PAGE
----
Enhanced IL-10 production in response to hepatitis C virus proteins by peripheral blood mononuclear cells from human immunodeficiency virus-monoinfected individuals
1 Immunology and Infectious Diseases Program, Division of BioMedical Sciences, Faculty of Medicine, Memorial University, St. John's, Canada
2 HIV Program, Eastern Health District, St. John's, Canada
3 Hepatitis C Program, Division of Gastroenterology, Capital Health District, Halifax, Canada
4 Department of Internal Medicine, Dalhousie University, Halifax, Canada
BMC Immunology 2008, 9:28 doi:10.1186/1471-2172-9-28Published: 13 June 2008
Multiple immune evasion strategies by which HCV establishes chronic infection have been proposed, including manipulation of cytokine responses. Prior infection with HIV increases the likelihood of chronic HCV infection and accelerates development of HCV-related morbidity. Therefore, we investigated in vitro cytokine responses to HCV structural and non-structural proteins in peripheral blood mononuclear cells (PBMC) from uninfected, HIV-infected, HCV-infected and HIV/HCV-coinfected individuals.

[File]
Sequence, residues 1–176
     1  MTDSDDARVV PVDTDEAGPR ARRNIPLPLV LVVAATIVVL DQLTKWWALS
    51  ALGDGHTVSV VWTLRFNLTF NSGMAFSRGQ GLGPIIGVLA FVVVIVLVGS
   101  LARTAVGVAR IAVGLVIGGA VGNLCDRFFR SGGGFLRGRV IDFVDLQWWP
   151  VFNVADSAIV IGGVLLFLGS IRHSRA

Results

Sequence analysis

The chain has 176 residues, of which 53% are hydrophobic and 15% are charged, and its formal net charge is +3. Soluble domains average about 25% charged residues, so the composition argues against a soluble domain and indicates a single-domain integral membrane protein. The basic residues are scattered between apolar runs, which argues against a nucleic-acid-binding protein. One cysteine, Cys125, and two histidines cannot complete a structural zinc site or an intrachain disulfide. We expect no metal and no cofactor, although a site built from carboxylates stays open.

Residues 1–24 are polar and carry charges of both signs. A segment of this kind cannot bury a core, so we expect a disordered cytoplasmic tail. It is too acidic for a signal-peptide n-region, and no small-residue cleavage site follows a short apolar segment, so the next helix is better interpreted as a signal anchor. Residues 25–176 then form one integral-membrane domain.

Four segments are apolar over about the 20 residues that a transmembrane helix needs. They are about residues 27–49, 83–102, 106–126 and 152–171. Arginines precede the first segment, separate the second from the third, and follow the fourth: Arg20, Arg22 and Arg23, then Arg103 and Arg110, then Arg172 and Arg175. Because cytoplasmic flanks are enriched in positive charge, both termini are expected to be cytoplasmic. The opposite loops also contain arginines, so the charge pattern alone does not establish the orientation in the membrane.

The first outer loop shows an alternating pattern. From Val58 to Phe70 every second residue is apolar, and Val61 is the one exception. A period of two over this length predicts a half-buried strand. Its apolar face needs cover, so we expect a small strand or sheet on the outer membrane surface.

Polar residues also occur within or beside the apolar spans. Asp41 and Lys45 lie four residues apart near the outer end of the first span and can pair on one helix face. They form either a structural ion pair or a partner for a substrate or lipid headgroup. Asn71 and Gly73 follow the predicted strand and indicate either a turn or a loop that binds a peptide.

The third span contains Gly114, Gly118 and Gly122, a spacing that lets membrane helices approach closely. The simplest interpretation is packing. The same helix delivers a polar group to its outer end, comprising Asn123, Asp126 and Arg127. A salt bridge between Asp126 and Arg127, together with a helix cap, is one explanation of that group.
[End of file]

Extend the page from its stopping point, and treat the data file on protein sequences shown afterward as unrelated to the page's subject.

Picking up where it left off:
Intracellular flow cytometry was used to assess IL-2, IL-10, IL-12, and IFN-γ production by freshly isolated PBMC incubated for 16 hours with recombinant HCV core, non-structural protein 3 (NS3), and NS4 proteins. Anti-HCV cellular responses were assessed in HIV/HCV-coinfected individuals by 3H-thymidine proliferation assay. Exposure to HCV antigens increased IL-10 production by PBMC, especially in uninfected and HIV-monoinfected individuals. This IL-10 response was attenuated in chronic HCV infection even with HCV/HIV-coinfection. The cells producing IL-10 in response to HCV proteins in vitro matched a PBMC subset recently shown to constitutively produce IL-10 in vivo. This subset was found at similar frequencies in uninfected, HIV-infected, HCV-infected and HIV/HCV-coinfected individuals before exposure to HCV proteins. HCV-specific T cell proliferation was detectable in only one HIV/HCV-coinfected individual who demonstrated no HCV-induced IL-10 response.
This pattern suggests that selective induction of IL-10 in uninfected individuals and especially in HIV-monoinfected individuals plays a role in establishing chronic HCV infection and conversely, that attenuation of this response, once chronic infection is established, favours development of hepatic immunopathology.